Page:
Monthly Archive: August 2012

Aug 29

Word Count is not the Only Project Pricing Factor

Pam at DeskWhen you are a business owner in a specific industry, you can increase your knowledge by reading and studying others in your chosen field. Laura Spencer is a freelance writer I follow regularly. Sometimes other writers say exactly what I have been saying.

 

 

 

August 27, 2012 | Laura Spencer | Comments 0

FAQ: 8 Factors that Cause Writing Projects to Cost More

Often writing clients want to know my rate–what do I charge for a specific type of project?

My usual answer is that I don’t have a rate, but that I would be happy to provide a customized proposal. I’ve learned over the years that the amount of effort that goes into writing projects varies greatly.

Many clients don’t understand the factors that cause a writing project to cost more money, so I’ve listed eight of those factors in this post.

 

Every project really is different. Even if two writing projects seem similar, they usually require a different amount of effort (and therefore have a different price).

8 Reasons Your Writing Project Costs More Money

In most cases, the longer it takes to work on a project, the more expensive the project is.

Here are eight factors that will cause a writer to spend more time on your project. If you include these factors in your writing project, it will cost you more money.

  1. Meetings. While I include an initial meeting in my project estimates, additional meetings generally add to the project cost. I do understand that sometimes it’s desirable to have a regular meeting on long-term projects, but project meetings can also take a lot of time. To save money, make sure that the information presented in the meeting is really relevant to the writing task. A meeting where lots of contractors give their status on unrelated projects can be a waste of time.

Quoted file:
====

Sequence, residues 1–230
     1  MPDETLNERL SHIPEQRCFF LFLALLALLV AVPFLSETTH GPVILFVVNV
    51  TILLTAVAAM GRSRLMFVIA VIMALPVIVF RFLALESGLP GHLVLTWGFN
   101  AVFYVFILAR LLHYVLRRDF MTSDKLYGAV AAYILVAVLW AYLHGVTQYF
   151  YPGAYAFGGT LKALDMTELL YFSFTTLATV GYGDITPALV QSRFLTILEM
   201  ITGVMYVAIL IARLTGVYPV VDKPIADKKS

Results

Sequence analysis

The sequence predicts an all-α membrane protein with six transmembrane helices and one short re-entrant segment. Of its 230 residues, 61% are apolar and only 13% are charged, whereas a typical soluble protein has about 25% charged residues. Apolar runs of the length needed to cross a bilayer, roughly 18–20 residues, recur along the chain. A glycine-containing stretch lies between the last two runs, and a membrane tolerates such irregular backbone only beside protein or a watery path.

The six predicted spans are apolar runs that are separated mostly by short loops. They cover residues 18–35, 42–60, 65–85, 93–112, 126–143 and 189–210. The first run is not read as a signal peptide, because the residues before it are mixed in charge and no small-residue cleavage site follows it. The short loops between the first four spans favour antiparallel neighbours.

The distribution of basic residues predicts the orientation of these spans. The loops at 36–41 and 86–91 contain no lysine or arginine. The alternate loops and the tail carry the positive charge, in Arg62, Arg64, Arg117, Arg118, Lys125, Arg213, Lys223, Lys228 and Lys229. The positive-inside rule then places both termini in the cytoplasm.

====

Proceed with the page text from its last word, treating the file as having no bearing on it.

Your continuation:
2. Extensive Research. If the topic of the writing project is common knowledge, then the piece can be produced much more quickly. However, if the topic requires research then the writing piece will take more time. In general the more obscure the topic is and the harder it is to find information about it, the more time the project will take to complete and the more money it will cost.
  3. Revisions. Like any writer, I’m happy to correct mistakes if they occur. However, I limit the number of revisions that are included with each project. Of course, additional revisions are available at an extra charge. To keep revision costs under control, be as specific as you can about what you want up front. Too many clients take a trial and error approach to writing–they don’t know what they want, but they’ll know it when they see it. This approach can be very costly to the client.
  4. Levels of Approval. In general, the more levels of approval a project requires, the more the project costs. For example, a project that requires me to write a weekly column on a money-saving tip of my choice would be less expensive than a project that requires me to write a weekly column on a money-saving tip when the topic must first be approved by the client and an outline must be submitted in advance.
  5. Interviews. Interviews can be a great way to spice up an article or blog post. But getting an interview takes additional time, even if the project only needs a few quotes. Not only does the writer need to schedule a time to get with the interview subject, they also need to learn about the interview subject so that they can ask relevant questions. Then, after all of that is completed, they can write the piece.